The Long Walk: A Story of War and the Life That Followsby Published 10 Jul 2012
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In the tradition of Michael Herr’s Dispatches and works by such masters of the memoir as Mary Karr and Tobias Wolff, a powerful account of war and homecoming.
Brian Castner served three tours of duty in the Middle East, two of them as the commander of an Explosive Ordnance Disposal unit in Iraq. Days and nights he and his team—his brothers—would venture forth in heavily armed convoys from their Forward Operating Base to engage in the nerve-racking yet strangely exhilarating work of either disarming the deadly improvised explosive devices that had been discovered, or picking up the pieces when the alert came too late. They relied on an army of remote-controlled cameras and robots, but if that technology failed, a technician would have to don the eighty-pound Kevlar suit, take the Long Walk up to the bomb, and disarm it by hand. This lethal game of cat and mouse was, and continues to be, the real war within America’s wars in Iraq and Afghanistan.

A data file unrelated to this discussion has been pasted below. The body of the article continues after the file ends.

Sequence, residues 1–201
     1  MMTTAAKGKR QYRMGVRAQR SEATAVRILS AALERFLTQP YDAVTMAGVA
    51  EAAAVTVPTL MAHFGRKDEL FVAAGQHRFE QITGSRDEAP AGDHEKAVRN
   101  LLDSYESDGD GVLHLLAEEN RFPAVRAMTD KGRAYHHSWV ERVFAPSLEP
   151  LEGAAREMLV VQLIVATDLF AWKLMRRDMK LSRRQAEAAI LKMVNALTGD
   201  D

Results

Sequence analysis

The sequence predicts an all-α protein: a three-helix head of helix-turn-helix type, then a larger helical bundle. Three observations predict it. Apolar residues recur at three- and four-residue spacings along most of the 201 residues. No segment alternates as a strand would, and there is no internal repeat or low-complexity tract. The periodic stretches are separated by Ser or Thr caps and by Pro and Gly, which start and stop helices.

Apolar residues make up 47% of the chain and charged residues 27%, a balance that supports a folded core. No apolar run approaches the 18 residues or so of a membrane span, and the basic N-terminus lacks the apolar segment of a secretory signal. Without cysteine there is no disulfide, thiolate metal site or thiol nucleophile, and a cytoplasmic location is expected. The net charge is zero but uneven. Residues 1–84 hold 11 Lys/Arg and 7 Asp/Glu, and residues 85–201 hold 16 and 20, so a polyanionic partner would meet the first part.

But The Long Walk is not just about battle itself. It is also an unflinching portrayal of the toll war exacts on the men and women who are fighting it. When Castner returned home to his wife and family, he began a struggle with a no less insidious foe, an unshakable feeling of fear and confusion and survivor’s guilt that he terms The Crazy. His thrilling, heartbreaking, stunningly honest book immerses the reader in two harrowing and simultaneous realities: the terror and excitement and camaraderie of combat, and the lonely battle against the enemy within—the haunting memories that will not fade, the survival instincts that will not switch off. After enduring what he has endured, can there ever again be such a thing as “normal”? The Long Walk will hook you from the very first sentence, and it will stay with you long after its final gripping page has been turned.
"The Long Walk: A Story of War and the Life That Follows" Reviews